The way I understand art is through other art. Like I don’t just look at something and say to myself, “Oh here we have a rare example of Midwestern Stick Style architecture from the 1880’s.”
What I actually think is “Oh here we have an example of Martha Graham’s Appalachian Spring in the form of a building.”
I saw Martha Graham’s company perform Appalachian Spring at my job a dozen years ago. (You can see the dance as performed in 1945, the year after it was created, with Martha Graham herself—in her 50’s!—dancing the role of the Pioneer Bride in the videos above).
The ballet tells the story of an American pioneer bride and groom staking a claim to homestead in the midwestern frontier. Their idealism of their new life is tempered by a sober, more experienced pioneer woman and an alarmingly long-waisted preacher man with his adoring flock of young, female followers.
So what does Appalachian Spring have to do with All Saints Episcopal Church? Hold on, I’m getting to that.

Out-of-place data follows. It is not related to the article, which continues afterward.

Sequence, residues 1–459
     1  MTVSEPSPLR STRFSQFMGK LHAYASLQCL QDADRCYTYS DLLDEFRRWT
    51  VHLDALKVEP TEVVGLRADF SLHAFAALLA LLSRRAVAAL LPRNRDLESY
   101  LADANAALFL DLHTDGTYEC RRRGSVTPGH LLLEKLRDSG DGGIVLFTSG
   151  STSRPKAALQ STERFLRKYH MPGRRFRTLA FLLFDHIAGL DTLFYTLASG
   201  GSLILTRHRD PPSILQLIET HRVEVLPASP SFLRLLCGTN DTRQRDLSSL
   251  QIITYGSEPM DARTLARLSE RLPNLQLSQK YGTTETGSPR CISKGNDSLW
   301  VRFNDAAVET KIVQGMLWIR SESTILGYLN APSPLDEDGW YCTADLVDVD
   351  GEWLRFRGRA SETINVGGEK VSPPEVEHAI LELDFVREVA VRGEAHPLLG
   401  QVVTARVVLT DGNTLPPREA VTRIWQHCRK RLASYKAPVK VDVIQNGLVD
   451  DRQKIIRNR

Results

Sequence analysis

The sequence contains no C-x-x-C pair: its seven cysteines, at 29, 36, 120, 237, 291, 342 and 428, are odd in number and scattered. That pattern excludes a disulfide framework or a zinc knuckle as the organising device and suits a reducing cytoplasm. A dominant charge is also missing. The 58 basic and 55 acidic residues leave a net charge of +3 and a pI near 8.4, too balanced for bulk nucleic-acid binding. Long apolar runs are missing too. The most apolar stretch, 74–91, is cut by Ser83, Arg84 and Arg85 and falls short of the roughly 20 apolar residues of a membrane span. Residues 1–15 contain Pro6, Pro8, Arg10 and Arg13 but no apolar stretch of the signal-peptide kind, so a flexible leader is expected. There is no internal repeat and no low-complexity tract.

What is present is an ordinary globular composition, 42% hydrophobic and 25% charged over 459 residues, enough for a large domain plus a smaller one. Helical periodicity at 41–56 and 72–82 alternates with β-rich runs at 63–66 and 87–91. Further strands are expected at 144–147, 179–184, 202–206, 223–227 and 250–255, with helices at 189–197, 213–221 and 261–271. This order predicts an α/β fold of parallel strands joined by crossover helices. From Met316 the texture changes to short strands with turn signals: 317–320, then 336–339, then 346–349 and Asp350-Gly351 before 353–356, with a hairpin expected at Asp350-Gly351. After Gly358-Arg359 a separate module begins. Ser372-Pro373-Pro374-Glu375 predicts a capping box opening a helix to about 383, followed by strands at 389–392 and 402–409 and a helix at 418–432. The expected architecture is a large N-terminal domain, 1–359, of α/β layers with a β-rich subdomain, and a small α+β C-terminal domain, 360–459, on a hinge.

All Saints Episcopal Church, in Chicago’s north side Ravenswood neighborhood, was built in an architectural style known as Stick Style. Architect John Cochrane designed it in 1883 and though it may seem traditional at first glance, the church doesn’t really have much to do with other Victorian era church architecture.
I lived near this church for four years, and when I’d walk by, I could never decide if it was a fancy church pretending to be severe, or a severe church pretending to be fancy.
There are lots of sneaky decorative bits.
But the church tower is has more to do with crafty angles than the usual soaring-up-to-heaven business.
Appalachian Spring is like that too—full of crafty angles and dancers that leap but don’t soar. While most ballet strives for the appearance of weightlessness, Martha Graham’s choreography never lets you forget gravity. Her dancers seem to end up on the floor a lot, but they never writhe around in the way you see in so much mediocre contemporary dance.
Appalachian Spring’s set designer, Isamu Noguchi, took a minimalist approach, suggesting a farm with a few props much as the interior of All Saint’s church suggests a barn with a few prominent timbers.
The score of Appalachian Spring is by Aaron Copeland and it interweaves the theme from Simple Gifts, a traditional Shaker hymn. All Saints church uses Lift Every Voice and Sing II, a compilation of African-American hymns and gospel songs, in their church services.
Here is HOB ringing the church bell at All Saints. This has nothing to do with Appalachian Spring but I wanted to put him in because he’s cute.